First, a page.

Global: The Fiercest Storm in Southern Hemisphere’s History, Cyclone Idai Devastates Mozambique.
With winds over 140 mph and torrential rains, one of the poorest African countries has been forced to struggle even more. In Mozambique, emergency relief is needed urgently after Cyclone Idai caused devastating loss of life, assets, and infrastructure.
The preliminary assessments are staggering: hundreds of lives have been lost, hundreds of thousands of homes have been destroyed, and 1.77 million acres of crops at the beginning of the main harvest season have been destroyed by Cyclone Idai. Communication lines have been completely cut, roads have been rendered impassable, and entire villages have disappeared. Some areas reported floodwaters 20 feet deep and the UN Office for the Coordination of Humanitarian Affairs estimates that 1.85 million people are in need of urgent assistance.
In Beira, a major port for Mozambique, flooding was extensive and the New York Times quoted authorities who estimate “90 percent of the area is completely destroyed.” Relief crews are reporting growing numbers of waterborne diseases such as cholera and diarrhea.
It is in Beira that the De La Salle Brothers have three institutions: John XXIII School, with more than 3,000 students, a primary school with a growing kindergarten, and Centro Educacional e Assistencial La Salle (CEALS) for almost 300 hundred financially poor children from six to 17 years of age. Operating continuously throughout the entire calendar year, CEALS provides academic tutoring, homework assistance, counselling, recreational opportunities, and programmed social interactions between students (values training.)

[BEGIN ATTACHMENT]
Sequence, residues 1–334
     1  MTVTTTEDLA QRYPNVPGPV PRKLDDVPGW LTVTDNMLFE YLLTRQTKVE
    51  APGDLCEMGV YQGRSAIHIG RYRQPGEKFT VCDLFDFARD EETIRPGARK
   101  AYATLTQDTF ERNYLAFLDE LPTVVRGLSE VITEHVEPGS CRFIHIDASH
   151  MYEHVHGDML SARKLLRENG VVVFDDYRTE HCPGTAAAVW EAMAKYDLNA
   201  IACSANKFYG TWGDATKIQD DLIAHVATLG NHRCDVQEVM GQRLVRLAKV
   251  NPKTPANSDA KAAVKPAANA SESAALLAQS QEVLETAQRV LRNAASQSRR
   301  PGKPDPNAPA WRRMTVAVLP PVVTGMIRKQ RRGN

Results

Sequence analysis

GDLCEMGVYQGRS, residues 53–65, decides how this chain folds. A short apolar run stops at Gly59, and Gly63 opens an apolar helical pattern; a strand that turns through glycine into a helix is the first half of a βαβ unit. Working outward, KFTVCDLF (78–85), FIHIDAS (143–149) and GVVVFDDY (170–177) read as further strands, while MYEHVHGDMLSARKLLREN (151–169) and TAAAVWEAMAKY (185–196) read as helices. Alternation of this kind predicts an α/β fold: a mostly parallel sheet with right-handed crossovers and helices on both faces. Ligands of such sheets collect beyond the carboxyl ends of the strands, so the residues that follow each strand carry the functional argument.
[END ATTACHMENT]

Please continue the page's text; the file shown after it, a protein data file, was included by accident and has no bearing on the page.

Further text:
Because these impoverished students lack typical academic support structures (educated parents, places to study at home, help with their homework, scholastic encouragement from significant others, etc.) they typically drop-out or fail-out of public schools. The CEALS program, however, provides academic support to equip the students for class and enable them to be successful in their studies. And this program works! These high-risk students stay in school, perform admirably, and pass their qualifying exams for their next year of school.
Cyclone Idai has severely damaged the structures in which the staff members at CEALS live and teach. To provide emergency relief to these individuals, La Salle International hopes to raise $40,000 which will enable the buildings to be repaired and the educational programs to be resumed. As with all La Salle International projects, 100% of your donation goes directly to the project.
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